Wadada Leo Smith + Adam Rudolph
Compassion
Meta/Kabell 010

Smith/Rudolph Over the decades, Wadada Leo Smith has refined a unique ability to create form in real time through improvisation. He has great instincts about when materials are about to create a closed circuit and what to do to open the music to a new set of possibilities. Conversely, he knows when a rhythm or a tone can sustain forward movement without constriction. The trumpeter’s innate leadership qualities are such that his collaborators quickly adapt to his every move. Subsequently, few musicians shape an improvisation as incisively as Smith, and fewer yield comparably unexpected and engaging results.

One of them is Adam Rudolph, who has mastered numerous percussion traditions (and several non-percussion instruments from the Third World), and has developed a keen ear for integrating them into improvised music. Whether he is playing polyrhythmic hand drums patterns, a lithe riff on the dusu’ngoni, or a buzzing phrase on the sibsi (the double reed instrument, not the kef pipe), Rudolph exudes a solemnity on Compassion that complements Smith’s. Rudolph is well attuned to Smith’s use of long tones, textures and silence, often adding only the slightest detail; but he also occasionally throws it down, inspiring Smith to play with intense fire.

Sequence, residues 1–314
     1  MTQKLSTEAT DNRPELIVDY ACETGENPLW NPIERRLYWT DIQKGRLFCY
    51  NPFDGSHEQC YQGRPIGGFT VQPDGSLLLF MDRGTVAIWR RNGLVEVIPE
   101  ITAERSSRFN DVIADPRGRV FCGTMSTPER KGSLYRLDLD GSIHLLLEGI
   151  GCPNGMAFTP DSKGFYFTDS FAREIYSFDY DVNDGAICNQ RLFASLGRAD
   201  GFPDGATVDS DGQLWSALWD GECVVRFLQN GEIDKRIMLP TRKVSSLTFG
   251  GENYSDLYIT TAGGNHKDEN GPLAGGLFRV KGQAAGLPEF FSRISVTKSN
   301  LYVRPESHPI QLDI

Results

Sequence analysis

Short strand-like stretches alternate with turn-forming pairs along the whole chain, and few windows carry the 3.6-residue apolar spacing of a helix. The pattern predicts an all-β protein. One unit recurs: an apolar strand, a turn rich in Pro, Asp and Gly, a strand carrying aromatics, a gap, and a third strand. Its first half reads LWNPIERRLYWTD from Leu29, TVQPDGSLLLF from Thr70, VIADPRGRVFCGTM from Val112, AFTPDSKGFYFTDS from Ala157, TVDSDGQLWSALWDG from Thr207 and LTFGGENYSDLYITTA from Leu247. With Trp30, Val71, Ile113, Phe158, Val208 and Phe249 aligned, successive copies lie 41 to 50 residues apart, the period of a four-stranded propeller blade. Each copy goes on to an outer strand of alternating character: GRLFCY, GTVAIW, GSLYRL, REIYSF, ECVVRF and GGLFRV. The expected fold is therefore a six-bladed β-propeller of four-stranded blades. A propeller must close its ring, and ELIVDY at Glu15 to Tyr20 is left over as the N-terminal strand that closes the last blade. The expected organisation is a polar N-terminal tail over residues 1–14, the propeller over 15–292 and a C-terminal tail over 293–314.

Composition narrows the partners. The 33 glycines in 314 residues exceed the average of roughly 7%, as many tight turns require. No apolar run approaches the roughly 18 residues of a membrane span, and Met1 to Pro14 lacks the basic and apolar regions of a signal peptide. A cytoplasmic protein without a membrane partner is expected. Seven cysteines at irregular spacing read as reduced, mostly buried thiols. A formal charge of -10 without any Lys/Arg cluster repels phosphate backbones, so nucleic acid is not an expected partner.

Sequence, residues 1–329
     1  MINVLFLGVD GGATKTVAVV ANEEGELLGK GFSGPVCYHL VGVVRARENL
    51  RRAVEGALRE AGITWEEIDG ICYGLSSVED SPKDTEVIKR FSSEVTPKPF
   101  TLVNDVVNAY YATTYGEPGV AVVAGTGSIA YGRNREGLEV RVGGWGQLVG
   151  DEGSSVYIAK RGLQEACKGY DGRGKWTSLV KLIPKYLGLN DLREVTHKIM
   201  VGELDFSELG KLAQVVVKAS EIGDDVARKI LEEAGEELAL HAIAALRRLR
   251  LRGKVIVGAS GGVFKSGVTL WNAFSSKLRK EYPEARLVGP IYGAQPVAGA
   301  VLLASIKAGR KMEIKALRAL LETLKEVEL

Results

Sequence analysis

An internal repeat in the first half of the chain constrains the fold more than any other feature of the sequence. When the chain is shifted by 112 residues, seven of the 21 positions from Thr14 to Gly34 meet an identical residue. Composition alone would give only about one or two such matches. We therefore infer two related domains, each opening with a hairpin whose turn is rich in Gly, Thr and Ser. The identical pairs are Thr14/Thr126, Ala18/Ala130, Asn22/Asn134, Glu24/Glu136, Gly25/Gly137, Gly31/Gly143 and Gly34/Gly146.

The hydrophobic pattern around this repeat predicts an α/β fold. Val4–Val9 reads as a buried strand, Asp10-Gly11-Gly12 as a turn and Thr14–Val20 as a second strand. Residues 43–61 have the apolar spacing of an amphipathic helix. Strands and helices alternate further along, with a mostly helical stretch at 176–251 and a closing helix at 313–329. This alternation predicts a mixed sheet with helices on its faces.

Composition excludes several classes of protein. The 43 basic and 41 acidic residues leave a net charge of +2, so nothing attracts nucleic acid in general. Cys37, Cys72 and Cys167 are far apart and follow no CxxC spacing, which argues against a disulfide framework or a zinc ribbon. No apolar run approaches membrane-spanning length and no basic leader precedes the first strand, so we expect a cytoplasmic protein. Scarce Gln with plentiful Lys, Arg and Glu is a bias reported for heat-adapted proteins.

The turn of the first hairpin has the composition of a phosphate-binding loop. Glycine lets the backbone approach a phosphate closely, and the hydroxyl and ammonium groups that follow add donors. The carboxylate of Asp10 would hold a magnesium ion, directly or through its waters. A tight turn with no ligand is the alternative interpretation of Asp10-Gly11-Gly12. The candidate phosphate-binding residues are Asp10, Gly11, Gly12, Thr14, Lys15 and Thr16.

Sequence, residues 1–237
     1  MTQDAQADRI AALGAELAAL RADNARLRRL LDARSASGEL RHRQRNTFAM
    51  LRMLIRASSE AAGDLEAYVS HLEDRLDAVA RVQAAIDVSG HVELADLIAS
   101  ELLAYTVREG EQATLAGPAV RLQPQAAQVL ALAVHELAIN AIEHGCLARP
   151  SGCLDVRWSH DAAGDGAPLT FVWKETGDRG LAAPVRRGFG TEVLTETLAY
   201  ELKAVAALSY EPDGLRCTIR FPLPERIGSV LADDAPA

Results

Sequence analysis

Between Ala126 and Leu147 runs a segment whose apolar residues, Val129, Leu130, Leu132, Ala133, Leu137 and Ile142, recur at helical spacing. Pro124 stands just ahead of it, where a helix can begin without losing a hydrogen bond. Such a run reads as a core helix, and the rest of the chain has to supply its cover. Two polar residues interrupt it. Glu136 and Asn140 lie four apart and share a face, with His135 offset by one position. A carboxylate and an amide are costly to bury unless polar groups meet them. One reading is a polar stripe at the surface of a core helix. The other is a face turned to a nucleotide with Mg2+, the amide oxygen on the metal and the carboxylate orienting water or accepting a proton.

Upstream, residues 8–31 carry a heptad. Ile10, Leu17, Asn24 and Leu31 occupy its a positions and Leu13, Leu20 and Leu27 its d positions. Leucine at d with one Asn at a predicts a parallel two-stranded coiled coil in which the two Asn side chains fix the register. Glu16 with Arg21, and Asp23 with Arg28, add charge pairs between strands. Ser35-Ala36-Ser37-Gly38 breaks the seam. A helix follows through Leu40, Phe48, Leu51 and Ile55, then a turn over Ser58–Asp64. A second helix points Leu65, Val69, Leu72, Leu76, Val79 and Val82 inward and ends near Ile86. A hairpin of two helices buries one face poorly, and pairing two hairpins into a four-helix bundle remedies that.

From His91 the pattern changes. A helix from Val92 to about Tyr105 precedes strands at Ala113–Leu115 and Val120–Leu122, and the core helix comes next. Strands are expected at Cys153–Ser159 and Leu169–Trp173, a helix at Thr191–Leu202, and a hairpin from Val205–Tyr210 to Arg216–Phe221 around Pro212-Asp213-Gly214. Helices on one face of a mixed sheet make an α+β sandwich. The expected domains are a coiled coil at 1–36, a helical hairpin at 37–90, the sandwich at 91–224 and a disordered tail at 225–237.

Occasionally, an album of improvised music will leave you thinking there’s much more going on than meets the ear. Compassion is such an album.

Barking Hoop